Sunday, September 1, 2013

The Metamorphosis of the Rock Hard Bitch

In college, one of my roommates watched me blink back tears as I struggled to figure out why I hadn’t heard from the man I was dating – now I know it was my own fault, and in trying to get his attention I had inadvertently ended our relationship – and said in wonder, “Could it be, Morgan, that you’re not near as tough as you always make out yourself to be?"

Fast forward eight months or so, and my nickname had become Rock Hard Bitch amongst my fellow American exchange students in Spain, not because I was a rock hard bitch, but because all of them were surprised to learn how caring and sensitive I was underneath the rock hard exterior I showed when I first met someone – the rock hard bitch they had all originally thought me to be.

Anyone who knows me well knows what bullshit this first impression is; anyone who’s known me since childhood has likely exclaimed, perhaps more than once, “Geez, Morgan, you’re so sensitive.”
At some point, I started to make up for my sensitivity by presenting a less sensitive front: one that was rock hard, unreachable, impenetrable, invulnerable. As was the case in Spain especially, when I was as out of my element as I had ever been, I threw up those walls to protect myself and to get through the daily motions of trying to be understood and understand in an accent I was unfamiliar with, in a language I was not all that comfortable with yet, in a foreign country that was far away from the one where I had grown up – the one whose psyche had just been rocked by a terrorist attack. I was terrified, and I didn’t know anyone, so I did the only thing I knew how to do: I hid within myself and faked a confidence I didn’t feel. 

It was not the first time I’d been called something similar to a rock hard bitch, and it would not be the last. I always found the label amusing, because it was so obviously NOT me that I found no reason to be offended. I was even proud, because it meant that it was working: that I was presenting the strong person I had always wanted to be instead of the terrified unlovable child that I always felt like inside.

It’s been years since I’ve been called Rock Hard Bitch. In the past four years or so, I’ve been working hard on being able to show a more vulnerable side of myself; instead of needing to find reasons to bring others down or pick them apart to justify my own actions, I’ve been working on accepting my own humanity and the humanity of others. I have been trying to remember that perfectionism is the opposite of being human, and that perfectionism is a goal I should not strive for because it will mean striving away from the amazing subjective and varied existence of actually being a human. I have been working on this, and yet it seems that I still have a long way to go.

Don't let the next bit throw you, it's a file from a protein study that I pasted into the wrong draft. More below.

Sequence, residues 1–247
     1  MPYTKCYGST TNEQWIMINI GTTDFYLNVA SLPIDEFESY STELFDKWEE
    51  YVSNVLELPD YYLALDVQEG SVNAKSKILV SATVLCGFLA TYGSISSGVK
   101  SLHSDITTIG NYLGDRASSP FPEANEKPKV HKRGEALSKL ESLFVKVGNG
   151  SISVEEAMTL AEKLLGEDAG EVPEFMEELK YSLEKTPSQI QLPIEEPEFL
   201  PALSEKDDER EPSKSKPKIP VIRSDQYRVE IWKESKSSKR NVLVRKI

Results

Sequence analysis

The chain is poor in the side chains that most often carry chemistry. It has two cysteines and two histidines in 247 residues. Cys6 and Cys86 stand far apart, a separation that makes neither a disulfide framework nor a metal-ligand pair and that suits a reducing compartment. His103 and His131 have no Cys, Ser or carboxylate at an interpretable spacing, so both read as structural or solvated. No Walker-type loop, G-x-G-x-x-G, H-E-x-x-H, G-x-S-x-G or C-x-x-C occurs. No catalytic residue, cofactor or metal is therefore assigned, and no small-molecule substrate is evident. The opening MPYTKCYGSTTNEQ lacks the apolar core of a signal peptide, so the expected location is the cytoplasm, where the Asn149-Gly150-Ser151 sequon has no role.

I gave my unfinished manuscript to a friend to read. This is a person I have shared many things with, whom I feel I have opened up to and often shown a vulnerable side to; this person is also a regular reader of my blog. When he gave me his feedback, he told me that – among many other wonderful things he had to say about my writing, things that gave me the strength to continue on when I had been vacillating on whether I should finish the damn thing at all – my book showed a vulnerable side of myself that he had never seen: the cracks, he said, in my otherwise well-put-together exterior.
Oh God, invisible audience. What have I done? What have I done by channeling that Rock Hard Bitch persona for so long that she still stands between me and my friends; my life; the person I am striving to be? 

Every day life feels very personal, very too close for comfort, very raw and terrifying to some extent. I do not walk around fearing a physical attack, but I do find that I walk around with earphones in so I can’t hear the whistles of the construction workers, I separate myself from many people whose needs feel like much more than I can bear, and I find myself spending time alone because it feels better than spending time with others that leave me feeling depleted. All this, and yet it is no longer a case of needing to be angry at those people; I do not blame them anymore for what they need from me, I have simply realized that I don’t have to give to those people and that it’s best to be away from that need. At the same time, I’ve been working on being more honest with those that I do value: showing that vulnerable side that causes me to burst into tears at the drop of a hat, because sometimes that’s just what I need to do. It’s presenting the gooey sensitive side of me and hoping to be understood, but not being attached to that actually being the case; instead, just knowing that the act of showing myself is important, not necessarily to others, but to me. 

It seems, however, that I am still a work in progress; that often I am terrified enough to throw up a wall and stand behind it without even realizing it’s there. It seems that even here on my blog I am not showing myself in all my full humanity, and you know what? It’s true. It’s true because my book IS much more vulnerable, otherwise I wouldn’t have struggled as much as I have in whether or not I should publish it. I say this before it is even done, and yet I find that NOT writing is worse: trying to hide that vulnerable part of me ultimately feels like a personal betrayal. And I can’t do it anymore, invisible audience. I can’t deny me any longer. The Rock Hard Bitch is tired of doing her job: tired of standing between me and the rest of the world. Although there is definitely still a use for her – not everyone or every situation is safe to be vulnerable with or in, after all – she is tired of working so hard with no time off. And I’m tired of letting her. So here’s to progress, and baby steps. Here’s to humanity, in all its imperfect and vulnerable glory.

Love and not-so-rock-hard kisses

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